http://www.articletrader.com/science/education/creative-writing-how-to-start-your-novel.html

Pricing your E-Book

booksE book sales are on the rise but what is the best price to pay for one. Many writers struggle at what a good price for their book may be. There are many things to take into consideration when pricing your E-Book.

  •  First, Look at the time it took you to write your book. Do you want to simply give away hours and hours of writing for a low price of 99 cents.
  •  Second, Look at what your soft cover sells for. If you are selling a soft cover book for 14.99, then people are more likely going to buy a 99 cent E Book over that price. You might make lots of E Book sales but who is going to buy your book. Most authors like the idea that their book is in people’s hands and others are reading what they have to say.
  •  Third, Adjust price accordingly. You might not want to price your books at 99 cents because you are not going to make anything if you do.  Look at what goes into writing a book. You spend countless hours writing, you pay someone to edit, you pay someone to design your cover art, then you spend money to market your book. You would have to sell quite a few books before you are making any kind of profit.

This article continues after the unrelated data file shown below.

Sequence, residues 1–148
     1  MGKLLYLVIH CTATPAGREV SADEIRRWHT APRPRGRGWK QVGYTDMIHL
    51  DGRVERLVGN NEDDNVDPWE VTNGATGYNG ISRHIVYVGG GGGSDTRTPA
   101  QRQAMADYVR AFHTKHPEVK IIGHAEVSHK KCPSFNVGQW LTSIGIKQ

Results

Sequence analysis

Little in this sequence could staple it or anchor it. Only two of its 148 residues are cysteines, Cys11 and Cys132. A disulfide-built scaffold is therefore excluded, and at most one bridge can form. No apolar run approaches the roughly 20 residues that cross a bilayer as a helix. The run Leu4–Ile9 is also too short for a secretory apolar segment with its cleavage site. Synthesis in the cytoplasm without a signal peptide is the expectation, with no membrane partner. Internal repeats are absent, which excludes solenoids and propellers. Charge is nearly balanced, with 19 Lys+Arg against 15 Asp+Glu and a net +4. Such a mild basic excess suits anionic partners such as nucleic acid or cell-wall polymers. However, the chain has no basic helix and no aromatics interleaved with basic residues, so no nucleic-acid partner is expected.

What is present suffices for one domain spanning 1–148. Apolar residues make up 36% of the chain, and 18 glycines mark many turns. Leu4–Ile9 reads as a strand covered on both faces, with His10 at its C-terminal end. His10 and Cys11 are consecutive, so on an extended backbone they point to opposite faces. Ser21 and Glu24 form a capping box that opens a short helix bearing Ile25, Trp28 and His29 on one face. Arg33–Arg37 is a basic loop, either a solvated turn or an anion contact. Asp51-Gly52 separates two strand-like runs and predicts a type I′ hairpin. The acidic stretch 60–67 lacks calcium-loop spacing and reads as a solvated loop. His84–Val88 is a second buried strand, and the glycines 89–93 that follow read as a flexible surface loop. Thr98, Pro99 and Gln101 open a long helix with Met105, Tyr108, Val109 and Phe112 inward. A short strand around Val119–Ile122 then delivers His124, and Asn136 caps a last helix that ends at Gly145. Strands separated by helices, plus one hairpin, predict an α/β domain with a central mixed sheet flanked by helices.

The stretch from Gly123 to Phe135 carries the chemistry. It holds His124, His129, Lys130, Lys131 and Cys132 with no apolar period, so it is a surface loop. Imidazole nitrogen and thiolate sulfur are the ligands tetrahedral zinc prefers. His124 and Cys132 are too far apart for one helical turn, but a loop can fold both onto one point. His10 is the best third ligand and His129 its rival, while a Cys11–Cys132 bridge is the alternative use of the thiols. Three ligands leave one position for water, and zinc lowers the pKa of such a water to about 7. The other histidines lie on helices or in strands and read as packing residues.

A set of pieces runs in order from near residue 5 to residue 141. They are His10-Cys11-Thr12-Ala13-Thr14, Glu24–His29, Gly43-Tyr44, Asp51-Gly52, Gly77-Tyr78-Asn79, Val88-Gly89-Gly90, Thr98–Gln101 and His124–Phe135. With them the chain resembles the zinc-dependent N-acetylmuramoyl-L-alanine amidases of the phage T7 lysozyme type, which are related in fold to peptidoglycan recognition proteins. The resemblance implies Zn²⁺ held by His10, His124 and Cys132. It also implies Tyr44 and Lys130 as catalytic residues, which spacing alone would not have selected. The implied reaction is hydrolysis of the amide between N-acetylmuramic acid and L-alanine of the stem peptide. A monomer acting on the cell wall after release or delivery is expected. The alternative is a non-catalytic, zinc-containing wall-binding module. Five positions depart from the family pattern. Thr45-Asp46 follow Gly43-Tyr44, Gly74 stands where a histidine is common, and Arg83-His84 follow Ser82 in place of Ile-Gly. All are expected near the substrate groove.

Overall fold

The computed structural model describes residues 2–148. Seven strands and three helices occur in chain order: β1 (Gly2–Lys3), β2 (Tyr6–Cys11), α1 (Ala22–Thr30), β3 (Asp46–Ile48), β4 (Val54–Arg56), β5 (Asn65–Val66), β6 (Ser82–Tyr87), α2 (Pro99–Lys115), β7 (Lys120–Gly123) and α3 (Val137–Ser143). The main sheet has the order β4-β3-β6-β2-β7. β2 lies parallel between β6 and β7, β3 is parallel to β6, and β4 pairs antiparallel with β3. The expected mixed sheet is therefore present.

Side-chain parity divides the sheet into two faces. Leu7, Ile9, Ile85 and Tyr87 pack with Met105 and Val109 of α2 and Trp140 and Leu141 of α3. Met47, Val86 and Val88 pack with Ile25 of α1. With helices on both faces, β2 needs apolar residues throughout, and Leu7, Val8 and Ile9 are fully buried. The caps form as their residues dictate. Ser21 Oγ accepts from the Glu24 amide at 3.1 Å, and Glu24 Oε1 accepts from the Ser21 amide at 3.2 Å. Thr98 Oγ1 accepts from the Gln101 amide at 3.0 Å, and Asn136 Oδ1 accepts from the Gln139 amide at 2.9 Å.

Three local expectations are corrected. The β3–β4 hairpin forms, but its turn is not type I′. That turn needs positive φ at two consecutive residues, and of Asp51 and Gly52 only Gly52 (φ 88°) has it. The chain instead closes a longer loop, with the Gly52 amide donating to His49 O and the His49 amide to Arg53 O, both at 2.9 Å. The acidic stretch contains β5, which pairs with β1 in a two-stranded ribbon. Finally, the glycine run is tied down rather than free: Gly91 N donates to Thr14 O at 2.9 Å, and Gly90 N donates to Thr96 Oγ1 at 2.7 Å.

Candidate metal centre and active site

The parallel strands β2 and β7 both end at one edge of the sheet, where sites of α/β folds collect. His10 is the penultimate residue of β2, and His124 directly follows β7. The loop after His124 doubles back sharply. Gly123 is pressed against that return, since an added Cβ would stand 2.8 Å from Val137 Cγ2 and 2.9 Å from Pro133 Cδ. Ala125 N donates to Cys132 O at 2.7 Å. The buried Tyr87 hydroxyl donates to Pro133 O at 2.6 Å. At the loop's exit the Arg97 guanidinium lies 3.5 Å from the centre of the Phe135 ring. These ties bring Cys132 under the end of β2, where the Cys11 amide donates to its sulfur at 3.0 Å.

• Last of all, people will judge the price of the book and think that it is not a good book by the price of it.  Usually well-known authors don’t price their books that low.  Readers will think that the book has no value or worth if it is priced too low.

Other related links:

http://ezinearticles.com/?How-to-Price-Your-eBook—Some-Factors-to-Consider&id=7307868

http://ezinearticles.com/?How-to-Price-Books-and-eBooks&id=7234410

Inspecting our Writings Imperfections

Writing a story or manuscript should come from within your desire to write, but by inspecting it’s imperfections will only make it better.  No author wants to be told that there are errors in their manuscript. Some mistakes may simply be small such as a misspelled word but other imperfections could be much larger.  No matter how long a writer may write a story, every story has imperfections.  Not one author has perfected writing on their first script.